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GICHATHA-INI

In February, I ventured to Africa to visit producers in Ethiopia and Kenya. After flying from Adis-Ababa to Nairobi, my plan was to spend four days with the experts from Dorman’s – the main specialty coffee exporter of Kenya.

 As it turned out, my timing was excellent! I was in Kenya at exactly the same time as a group traveling with The Nordic Approach. The group included my friend, Heath Cater of Supreme (Australia) Tim Styles of Workshop Coffee (London), Anne Lunell of Koppi (Sweden), Olga Melik-Karakozova (Russian Barista Champion), and Morten Hildebrand of The Nordic Approach (Norway).

I rearranged my schedule so that I was able to travel with this crew, tasting delicious samples, visiting farms, & wet mills. I also got to experience a safari! I took a bunch of photos, including the picture of the elephant featured on our website and postcard. Watching the elephants was incredible and I felt lucky to have had the chance to experience it.

The favorite coffee I selected on this trip was the Gichatha-ini AA. This coffee stood out from other lots of Kenyas I tasted because of its nice acidity, sweetness, and distinct winey characteristics. The parchment (washed and dried green coffee) from weeks 18 and 19 of harvest were the best of any I tasted.

  • Heart is the only roaster in North America to purchase week 19 AA. The rest were bought by The Nordic Approach.
  • The lots I selected were from weeks 18 and 19 of harvest. Although both very delicious, there were some slight differences between the two. The lots from week 19 (which we are currently roasting, probably through November 2013) had slightly more body and more ripe fruit.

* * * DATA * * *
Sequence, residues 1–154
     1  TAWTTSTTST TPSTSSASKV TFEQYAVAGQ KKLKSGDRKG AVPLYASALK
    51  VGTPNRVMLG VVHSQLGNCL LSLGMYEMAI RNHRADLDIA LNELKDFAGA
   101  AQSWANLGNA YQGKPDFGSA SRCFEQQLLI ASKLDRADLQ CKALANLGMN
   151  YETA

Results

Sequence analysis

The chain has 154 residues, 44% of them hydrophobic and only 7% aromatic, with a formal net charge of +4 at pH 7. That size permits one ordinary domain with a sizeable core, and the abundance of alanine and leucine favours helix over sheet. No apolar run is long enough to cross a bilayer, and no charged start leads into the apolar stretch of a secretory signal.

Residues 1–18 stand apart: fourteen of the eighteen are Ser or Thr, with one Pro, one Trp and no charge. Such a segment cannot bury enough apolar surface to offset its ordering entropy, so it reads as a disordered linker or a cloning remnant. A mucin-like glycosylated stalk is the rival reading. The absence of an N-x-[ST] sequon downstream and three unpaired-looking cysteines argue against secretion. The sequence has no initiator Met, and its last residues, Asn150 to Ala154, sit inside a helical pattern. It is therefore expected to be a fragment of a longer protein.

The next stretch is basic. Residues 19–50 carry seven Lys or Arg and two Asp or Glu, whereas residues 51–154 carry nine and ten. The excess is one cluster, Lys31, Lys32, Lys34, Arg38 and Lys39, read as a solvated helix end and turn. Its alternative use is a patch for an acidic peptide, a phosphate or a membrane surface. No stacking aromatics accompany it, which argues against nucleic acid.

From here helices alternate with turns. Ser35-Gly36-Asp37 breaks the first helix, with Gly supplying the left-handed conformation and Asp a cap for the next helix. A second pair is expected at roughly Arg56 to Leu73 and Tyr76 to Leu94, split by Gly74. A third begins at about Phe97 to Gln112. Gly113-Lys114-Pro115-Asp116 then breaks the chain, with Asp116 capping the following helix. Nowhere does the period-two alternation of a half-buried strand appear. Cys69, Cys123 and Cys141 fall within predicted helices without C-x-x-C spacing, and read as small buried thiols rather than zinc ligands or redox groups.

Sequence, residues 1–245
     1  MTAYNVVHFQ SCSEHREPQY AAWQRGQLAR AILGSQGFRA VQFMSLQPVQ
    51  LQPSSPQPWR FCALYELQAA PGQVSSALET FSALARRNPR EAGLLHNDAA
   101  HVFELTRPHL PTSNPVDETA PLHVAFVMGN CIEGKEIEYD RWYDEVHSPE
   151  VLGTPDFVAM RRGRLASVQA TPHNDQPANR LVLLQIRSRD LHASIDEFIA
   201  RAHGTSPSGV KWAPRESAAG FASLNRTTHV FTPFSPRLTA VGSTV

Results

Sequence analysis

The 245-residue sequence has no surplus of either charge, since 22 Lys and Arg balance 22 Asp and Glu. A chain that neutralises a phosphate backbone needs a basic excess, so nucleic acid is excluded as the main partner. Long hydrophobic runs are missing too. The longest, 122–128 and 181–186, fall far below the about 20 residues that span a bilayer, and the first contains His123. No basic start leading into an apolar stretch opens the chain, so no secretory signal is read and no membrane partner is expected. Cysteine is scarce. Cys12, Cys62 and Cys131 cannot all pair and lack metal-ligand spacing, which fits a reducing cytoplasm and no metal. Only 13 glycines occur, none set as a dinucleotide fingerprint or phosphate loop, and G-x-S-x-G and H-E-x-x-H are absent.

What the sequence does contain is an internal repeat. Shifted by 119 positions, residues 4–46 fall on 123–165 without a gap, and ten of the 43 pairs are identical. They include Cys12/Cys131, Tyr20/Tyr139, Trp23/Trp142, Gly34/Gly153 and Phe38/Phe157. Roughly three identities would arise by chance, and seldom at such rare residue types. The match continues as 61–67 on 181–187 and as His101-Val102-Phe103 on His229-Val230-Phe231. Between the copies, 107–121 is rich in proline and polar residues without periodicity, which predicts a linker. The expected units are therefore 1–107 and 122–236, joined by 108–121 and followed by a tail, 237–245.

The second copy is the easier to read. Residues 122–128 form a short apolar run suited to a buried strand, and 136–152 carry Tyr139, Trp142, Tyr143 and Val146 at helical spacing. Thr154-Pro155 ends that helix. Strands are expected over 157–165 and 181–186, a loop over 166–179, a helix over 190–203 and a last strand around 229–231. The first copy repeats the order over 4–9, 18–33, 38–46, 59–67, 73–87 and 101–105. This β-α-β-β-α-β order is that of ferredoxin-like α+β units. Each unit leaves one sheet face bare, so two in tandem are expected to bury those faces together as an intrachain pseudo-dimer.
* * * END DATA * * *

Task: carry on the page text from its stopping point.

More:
• The week 18 lots, which we are saving to the end, being slightly more floral. This green coffee is in vacuum-sealed boxes waiting a few more weeks until we are finally ready.
  • Gichatha-ini is part of the Gikanda cooperative, which is farmer owned by nearly 900 members.
  • The factory (mill) is one of the most forward-thinking in the region, using several sustainable practices that contribute to this coffee’s beauty. Clean water for depulping is channeled from the river Ragati. The water is recirculated, then disposed of in soak pits that are located away from water sources.
  • Pulp is collected and used as mulch to improve soil structure and organic matter content.

This is the last of the three Kenya coffees on our menu this season. We expect to have the week 19 lots through late November and then switch to the week 18 lots.

Find this coffee here on our webshop.  Any orders will also include the new Gachatha-ini postcard featuring the elephant photo.


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